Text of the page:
Maybe you remember the iceberg A68a, which enjoyed a few minutes of fame back in 2017 when it broke off an ice shelf on the Antarctic Peninsula. Hardly your daily iceberg, it was one of the largest ever seen, more than 100 miles long and 30 miles wide.
The iceberg drifted slowly through the icy Weddell Sea for some years before gathering steam as it entered the southern ocean. The last we heard from it, in 2020, it carried down the island of South Georgia in the South Atlantic, slightly constrained and hit by a voyage of more than a thousand miles.
Alas, the old A68a is no more. Last year, about 100 miles from South Georgia, it finally did what all icebergs eventually do: thinned out so much that it broke into small pieces that eventually drifted to nothing.
At its best, the A68a was nearly 800 feet thick, though everything except 120 feet was hidden below the waterline.
Ecologists and others had feared that the iceberg during its journey could be sunk near South Georgia. It could have kept the millions of penguins and seals that live and breed there from reaching their feeding areas in the ocean.
It did not happen. New research shows that the A68a drove more past and most likely only hit one element on the seabed briefly as it turned and continued until it broke up.
But the research also revealed another potential threat from the iceberg to the ecosystems around South Georgia. As it traveled through the relatively warm waters of the southern ocean into the southern Atlantic Ocean, it melted from below and eventually released a huge amount of fresh water into the ocean near the island. The influx of so much fresh water can affect plankton and other organisms in the marine food chain.
The researchers, led by Anne Braakmann-Folgmann, a doctoral student at the Center for Polar Observation and Modeling at the University of Leeds in the UK, used satellite images to monitor the shape and location of the iceberg during the journey. (Like other major Antarctic icebergs, it was named after a convention established by the US National Ice Center, which is slightly less flashy than that used for hurricanes.)
The images showed how the area of the iceberg changed over time. The scientists also determined its thickness using data from satellites that measure ice height. When it broke, Mrs Braakmann-Folgmann said the A68a was more than 200 feet thinner overall.
The A68a left its mark. The researchers, whose results were published in the journal Remote Sensing of Environment, estimated that smelting near South Georgia resulted in the release of about 150 billion tons of fresh water. That’s enough to fill an Olympic-size swimming pool 61 million times, the researchers said, even though the ice was already floating, not contributing to rising sea levels.
Not only is the water fresh, not salty, but it also contains a large amount of iron and other nutrients. Mrs Braakmann-Folgmann is helping another group of researchers, from the British Antarctic Survey, who are trying to determine the ecological effects of the iceberg and meltwater.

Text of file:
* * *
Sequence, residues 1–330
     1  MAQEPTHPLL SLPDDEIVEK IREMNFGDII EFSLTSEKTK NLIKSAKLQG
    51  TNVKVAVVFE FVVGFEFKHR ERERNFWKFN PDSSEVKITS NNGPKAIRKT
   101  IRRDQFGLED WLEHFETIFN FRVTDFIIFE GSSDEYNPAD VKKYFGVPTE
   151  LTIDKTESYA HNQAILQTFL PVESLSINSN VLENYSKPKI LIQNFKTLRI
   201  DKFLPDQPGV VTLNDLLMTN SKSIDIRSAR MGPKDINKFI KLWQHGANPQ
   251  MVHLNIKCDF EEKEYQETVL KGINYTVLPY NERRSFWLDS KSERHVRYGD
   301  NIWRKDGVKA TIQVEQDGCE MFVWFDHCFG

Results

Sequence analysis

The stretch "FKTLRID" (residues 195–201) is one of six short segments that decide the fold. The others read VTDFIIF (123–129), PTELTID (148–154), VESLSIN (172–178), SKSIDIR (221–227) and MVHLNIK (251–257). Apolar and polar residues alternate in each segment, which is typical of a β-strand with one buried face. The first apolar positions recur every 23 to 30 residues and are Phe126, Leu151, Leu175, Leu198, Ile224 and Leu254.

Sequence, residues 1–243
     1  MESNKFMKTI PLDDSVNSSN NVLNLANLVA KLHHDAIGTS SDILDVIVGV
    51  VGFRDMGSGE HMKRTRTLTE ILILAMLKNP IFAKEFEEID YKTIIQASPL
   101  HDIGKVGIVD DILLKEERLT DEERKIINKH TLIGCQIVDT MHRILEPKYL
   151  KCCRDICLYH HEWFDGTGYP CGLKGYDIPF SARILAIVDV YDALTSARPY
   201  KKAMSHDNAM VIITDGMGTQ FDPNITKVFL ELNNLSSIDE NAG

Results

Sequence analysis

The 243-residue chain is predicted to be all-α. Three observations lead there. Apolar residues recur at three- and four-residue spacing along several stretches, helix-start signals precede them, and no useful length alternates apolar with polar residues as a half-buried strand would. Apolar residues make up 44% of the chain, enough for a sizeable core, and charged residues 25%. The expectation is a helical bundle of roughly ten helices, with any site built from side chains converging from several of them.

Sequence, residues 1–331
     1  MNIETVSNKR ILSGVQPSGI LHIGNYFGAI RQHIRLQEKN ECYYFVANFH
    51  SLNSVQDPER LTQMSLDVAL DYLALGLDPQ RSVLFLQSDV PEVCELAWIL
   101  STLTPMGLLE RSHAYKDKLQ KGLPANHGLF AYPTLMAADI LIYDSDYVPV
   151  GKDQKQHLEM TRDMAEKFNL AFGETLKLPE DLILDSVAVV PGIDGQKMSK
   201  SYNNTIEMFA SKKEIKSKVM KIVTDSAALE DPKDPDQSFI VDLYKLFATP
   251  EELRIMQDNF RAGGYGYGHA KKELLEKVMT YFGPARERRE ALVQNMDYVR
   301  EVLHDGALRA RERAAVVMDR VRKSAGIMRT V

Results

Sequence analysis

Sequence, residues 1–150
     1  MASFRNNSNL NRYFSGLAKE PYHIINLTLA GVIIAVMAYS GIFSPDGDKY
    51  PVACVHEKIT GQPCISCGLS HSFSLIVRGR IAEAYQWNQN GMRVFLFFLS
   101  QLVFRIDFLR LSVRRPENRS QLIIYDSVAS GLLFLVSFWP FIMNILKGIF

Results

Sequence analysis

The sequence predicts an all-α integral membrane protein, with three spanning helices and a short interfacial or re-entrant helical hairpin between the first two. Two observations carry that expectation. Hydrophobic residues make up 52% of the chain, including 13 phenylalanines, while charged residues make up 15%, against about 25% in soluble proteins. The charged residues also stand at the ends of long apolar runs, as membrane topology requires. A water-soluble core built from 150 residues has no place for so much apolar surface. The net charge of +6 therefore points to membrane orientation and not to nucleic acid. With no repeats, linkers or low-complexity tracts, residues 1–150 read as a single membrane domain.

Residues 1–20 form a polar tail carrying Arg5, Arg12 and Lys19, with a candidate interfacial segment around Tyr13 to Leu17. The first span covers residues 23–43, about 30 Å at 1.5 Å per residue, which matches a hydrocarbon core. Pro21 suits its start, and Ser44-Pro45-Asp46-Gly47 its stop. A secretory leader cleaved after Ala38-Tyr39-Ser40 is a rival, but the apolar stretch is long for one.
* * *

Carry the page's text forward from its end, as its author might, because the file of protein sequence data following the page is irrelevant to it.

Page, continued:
When the iceberg was near South Georgia, researchers with the study were able to deploy autonomous submarines to take water samples. On the island, they used tracking equipment on some gentoo penguins and fur seals to see if the presence of the iceberg affected their foraging behavior.
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Geraint Tarling, a biological oceanographer with the study, said preliminary results from the tracking data showed that the penguins and seals did not change foraging routes as they could have had the iceberg blocked their path or affected their prey.
“At least in the areas of the colonies that we saw, the impacts from the iceberg itself are not as devastating as we first feared,” said Dr. Tarling.
But there is still a lot of data to analyze, suggested Dr. Tarling, especially the water samples. A large influx of fresh water to the surface could affect the growth of phytoplankton at the lower end of the food chain, or it could alter the mix of available phytoplankton species, he said.
The complicated analysis is that 2020, when the iceberg approached South Georgia, also happened to be a bad year for krill, the small crustaceans that are just above phytoplankton in the food chain.
Dr. Tarling said that although the A68a was not grounded, a few other large icebergs have done so in recent decades. Grounding and towing an iceberg can wreak havoc on ecosystems on or near the ocean floor, he said.
And climate change could potentially lead to more grounding episodes. Warming causes parts of the huge Antarctic ice sheets to flow faster toward the ocean, leading to more calving of icebergs, which then travel north.
“What we’re looking at is a lot more movement of icebergs, which can actually erode these areas of the ocean floor,” said Dr. Tarling.